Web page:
If you participate in a street race on Canadian roads you could find yourself charged with a crime and be faced with severe penalties.
How is street racing defined under Canadian law?
Street racing is defined as engaging in dangerous driving behaviour involving high speeds to compete with another vehicle without consideration for the public. Definitions of street racing can include:
- Trying to outdistance or outdistancing other vehicles;
- Trying to prevent or preventing other vehicles from passing; or
- Driving at excessive speed to try to arrive at or arriving at a destination ahead of one or more other vehicles.
What does the law say about street racing?
Street racing is illegal in Canada. The Criminal Code has specific sections which talk about street racing being forbidden. The prohibitions are set out under the dangerous operation of motor vehicles, vessels and aircraft heading in the Code.
A person who street races may not only be charged with the dangerous operation of a motor vehicle but on top of that additional charges may include:
- Causing death by criminal negligence (street racing);
- Causing bodily harm by criminal negligence (street racing); and
- Dangerous operation of motor vehicle while street racing.
The punishment for charges of street racing under the Criminal Code can be quite steep.
If convicted of a minor (summary) offence, then the person may get a fine and up to six months in prison, or both. If convicted of a serious (indictable) offence, then the person may get up to five years. However, those sentences only apply for a conviction of street racing alone.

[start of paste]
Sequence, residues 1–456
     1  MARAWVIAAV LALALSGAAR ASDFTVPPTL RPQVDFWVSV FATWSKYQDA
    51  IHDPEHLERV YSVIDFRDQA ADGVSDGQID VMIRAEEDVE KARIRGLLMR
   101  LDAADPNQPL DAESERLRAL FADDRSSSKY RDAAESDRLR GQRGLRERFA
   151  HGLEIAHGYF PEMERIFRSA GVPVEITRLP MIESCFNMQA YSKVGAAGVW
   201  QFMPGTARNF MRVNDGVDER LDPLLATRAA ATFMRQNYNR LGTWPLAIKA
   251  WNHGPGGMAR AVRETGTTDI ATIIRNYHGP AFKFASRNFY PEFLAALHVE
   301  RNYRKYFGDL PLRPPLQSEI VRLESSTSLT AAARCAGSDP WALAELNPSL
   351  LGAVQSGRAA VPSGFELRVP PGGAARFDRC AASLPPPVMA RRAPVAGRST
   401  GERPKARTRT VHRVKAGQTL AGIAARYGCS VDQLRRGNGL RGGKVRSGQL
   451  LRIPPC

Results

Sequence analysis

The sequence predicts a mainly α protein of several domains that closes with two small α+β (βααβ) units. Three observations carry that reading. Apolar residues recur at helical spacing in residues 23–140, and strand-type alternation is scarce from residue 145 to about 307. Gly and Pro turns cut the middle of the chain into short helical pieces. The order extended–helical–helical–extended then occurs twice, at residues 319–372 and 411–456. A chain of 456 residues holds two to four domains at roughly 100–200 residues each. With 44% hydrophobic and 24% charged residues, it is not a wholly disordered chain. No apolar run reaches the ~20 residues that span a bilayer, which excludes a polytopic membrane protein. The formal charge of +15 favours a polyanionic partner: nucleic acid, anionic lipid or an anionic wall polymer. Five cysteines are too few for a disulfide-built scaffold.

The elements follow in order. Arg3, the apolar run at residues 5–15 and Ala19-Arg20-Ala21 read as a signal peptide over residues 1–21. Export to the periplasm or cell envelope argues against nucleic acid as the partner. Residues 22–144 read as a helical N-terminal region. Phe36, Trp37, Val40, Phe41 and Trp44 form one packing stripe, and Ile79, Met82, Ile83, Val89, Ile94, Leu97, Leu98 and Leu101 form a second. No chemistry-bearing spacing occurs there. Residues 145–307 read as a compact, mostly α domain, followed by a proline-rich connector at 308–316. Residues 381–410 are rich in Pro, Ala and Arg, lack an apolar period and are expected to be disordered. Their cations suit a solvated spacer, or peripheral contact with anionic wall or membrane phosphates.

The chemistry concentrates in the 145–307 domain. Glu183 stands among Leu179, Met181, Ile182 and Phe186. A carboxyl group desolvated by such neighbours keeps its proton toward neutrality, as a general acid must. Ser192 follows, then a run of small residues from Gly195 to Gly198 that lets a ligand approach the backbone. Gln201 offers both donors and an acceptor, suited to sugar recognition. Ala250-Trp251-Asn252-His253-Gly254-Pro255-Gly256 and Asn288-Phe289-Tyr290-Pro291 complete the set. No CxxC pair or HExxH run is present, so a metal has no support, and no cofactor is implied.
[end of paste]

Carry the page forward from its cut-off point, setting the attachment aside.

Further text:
Where the racing has caused bodily harm, a person may look at a sentence of up to fourteen years and where racing has resulted in fatalities, the person could get a sentence of life imprisonment.
How does a court know if a person was street racing?
Sometimes it’s not obvious whether a street race actually took place. In those cases, the court looks at the behaviour of the drivers, which include:
- The synchronized or in-tandem movements of two motor vehicles marked by high speed and close proximity over a material distance;
- Abrupt lane changes, blocking, or bold manoeuvres in and out of traffic;
- Unsafe lane changes;
- Jockeying for position;
- Tagging and horseplay; and
- High‑risk passing manoeuvres.
Confusion can exist because sometimes races are not pre-arranged but people will just start racing while on the road. There needs to be no previous agreement for a street race to occur. It’s immaterial whether someone organized the street race or just decided to participate in it.
If you have been charged with the dangerous operation of motor vehicle while street racing or more, you should consult a lawyer.
Criminal Code of Canada Dangerous operation of motor vehicles, vessels and aircraft
Street racing defined